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If you are a small business owner, you should know about the ERC tax credit 2023.
Surprisingly, many small business owners have not heard about the Employee Retention Credit (ERC or ERTC). Others might have heard about it, but thought it wasn’t applicable to their business.
Thanks to recent updates in legislation, small businesses with just five employees, for example, could be eligible for a credit of up to $215,000 combining 2020 and 2021.
But how do you go about claiming this credit?
Don’t leave money on the table—read on to discover how you can claim the ERC credit for your small business.
What is the Employee Retention Credit (ERC or ERTC)?
The Employee Retention Credit (ERC or ERTC) is a tax credit that was introduced by the US government as a part of the Coronavirus Aid, Relief, and Economic Security (CARES) Act (2020).
The purpose of the ERC is to provide financial relief to businesses adversely affected by the COVID-19 pandemic. This tax credit acts as an incentive for self-employed business owners to retain their employees and continue their operations.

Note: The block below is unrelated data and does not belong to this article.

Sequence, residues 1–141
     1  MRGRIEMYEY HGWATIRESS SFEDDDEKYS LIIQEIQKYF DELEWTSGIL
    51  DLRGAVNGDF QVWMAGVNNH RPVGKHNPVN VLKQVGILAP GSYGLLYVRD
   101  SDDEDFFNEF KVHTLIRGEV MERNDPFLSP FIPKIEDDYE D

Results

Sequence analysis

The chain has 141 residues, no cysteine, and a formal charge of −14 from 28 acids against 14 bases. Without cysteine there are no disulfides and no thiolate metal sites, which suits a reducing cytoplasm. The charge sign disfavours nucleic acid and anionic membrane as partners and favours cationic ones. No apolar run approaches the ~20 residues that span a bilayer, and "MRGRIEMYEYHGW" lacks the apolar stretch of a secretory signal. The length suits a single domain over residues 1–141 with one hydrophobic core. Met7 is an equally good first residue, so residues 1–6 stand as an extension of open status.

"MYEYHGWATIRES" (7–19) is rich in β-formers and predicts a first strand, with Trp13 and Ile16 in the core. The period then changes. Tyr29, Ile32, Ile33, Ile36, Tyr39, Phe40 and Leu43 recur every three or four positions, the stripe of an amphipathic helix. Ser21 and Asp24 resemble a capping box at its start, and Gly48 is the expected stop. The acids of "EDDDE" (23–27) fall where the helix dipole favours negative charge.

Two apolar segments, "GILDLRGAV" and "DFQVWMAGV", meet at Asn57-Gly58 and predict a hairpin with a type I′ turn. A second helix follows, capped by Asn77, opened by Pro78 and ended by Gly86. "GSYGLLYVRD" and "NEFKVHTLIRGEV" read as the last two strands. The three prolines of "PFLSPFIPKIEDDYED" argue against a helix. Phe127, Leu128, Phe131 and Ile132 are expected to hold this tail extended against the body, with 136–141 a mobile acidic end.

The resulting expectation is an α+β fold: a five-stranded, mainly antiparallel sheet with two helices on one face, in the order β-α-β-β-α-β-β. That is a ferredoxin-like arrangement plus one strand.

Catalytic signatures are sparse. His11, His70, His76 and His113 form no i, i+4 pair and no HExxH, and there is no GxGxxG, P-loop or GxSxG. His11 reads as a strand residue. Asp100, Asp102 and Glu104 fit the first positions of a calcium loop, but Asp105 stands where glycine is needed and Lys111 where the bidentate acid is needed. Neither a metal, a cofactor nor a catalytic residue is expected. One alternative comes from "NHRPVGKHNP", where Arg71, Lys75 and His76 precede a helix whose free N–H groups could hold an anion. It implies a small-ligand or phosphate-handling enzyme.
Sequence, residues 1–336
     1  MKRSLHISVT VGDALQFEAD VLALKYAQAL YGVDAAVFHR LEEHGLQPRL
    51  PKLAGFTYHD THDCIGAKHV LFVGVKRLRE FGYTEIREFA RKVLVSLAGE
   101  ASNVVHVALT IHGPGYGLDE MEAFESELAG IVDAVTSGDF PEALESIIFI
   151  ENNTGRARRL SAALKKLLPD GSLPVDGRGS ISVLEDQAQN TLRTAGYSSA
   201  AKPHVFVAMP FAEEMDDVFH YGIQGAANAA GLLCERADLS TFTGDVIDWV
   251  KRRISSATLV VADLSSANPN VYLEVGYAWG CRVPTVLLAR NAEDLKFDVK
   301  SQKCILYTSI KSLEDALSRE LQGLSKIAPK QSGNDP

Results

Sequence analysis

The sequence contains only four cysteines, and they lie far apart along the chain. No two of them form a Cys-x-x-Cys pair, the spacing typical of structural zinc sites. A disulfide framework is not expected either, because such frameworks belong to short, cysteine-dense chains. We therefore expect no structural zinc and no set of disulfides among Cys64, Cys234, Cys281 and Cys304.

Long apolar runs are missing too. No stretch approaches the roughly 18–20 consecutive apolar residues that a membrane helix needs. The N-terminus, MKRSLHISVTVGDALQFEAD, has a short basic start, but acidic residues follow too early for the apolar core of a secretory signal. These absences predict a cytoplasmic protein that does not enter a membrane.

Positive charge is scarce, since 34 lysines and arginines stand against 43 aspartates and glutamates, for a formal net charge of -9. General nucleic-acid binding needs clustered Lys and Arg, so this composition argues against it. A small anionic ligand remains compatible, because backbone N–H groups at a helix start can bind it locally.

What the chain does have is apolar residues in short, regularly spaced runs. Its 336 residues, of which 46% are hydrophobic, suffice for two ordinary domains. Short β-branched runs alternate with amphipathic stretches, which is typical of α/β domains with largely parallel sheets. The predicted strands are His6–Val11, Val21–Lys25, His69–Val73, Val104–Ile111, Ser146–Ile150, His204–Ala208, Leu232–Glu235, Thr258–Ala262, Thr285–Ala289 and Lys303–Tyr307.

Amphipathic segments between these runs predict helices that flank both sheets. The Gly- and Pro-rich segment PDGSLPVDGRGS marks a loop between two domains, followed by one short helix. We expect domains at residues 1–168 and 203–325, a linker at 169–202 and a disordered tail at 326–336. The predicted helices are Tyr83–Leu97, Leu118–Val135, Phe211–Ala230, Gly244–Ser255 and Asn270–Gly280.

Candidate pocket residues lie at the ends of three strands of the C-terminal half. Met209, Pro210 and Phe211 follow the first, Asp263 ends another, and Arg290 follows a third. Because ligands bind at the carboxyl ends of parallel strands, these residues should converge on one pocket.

The ERC gives you a credit even if you don’t owe that much in employee taxes. Excess is straight cash to you.
And, while the program was sunsetted in 2022, you can access the credit by amending your 2020 and 2021 tax returns.
How much is the ERC tax credit worth?
The credit is calculated at:
- Up to 50% of wages and healthcare benefits, to a maximum of $5,000 per employee, per quarter, for wages paid March 12, 2020 to December 31, 2020
- Up to 70% of wages and healthcare benefits, to a maximum of $7,000 per employee, for wages paid in 2021
The credit can be claimed for the first $10,000 in wages and healthcare cost per employee, per quarter.
As an example, a qualifying business had five employees who were retained for the seven quarters of the pandemic. The business may qualify for up to $215,000.
|Max credit per employee per quarter||$5,000||$7,000|
|Total credits available||$215,000|
What businesses are eligible?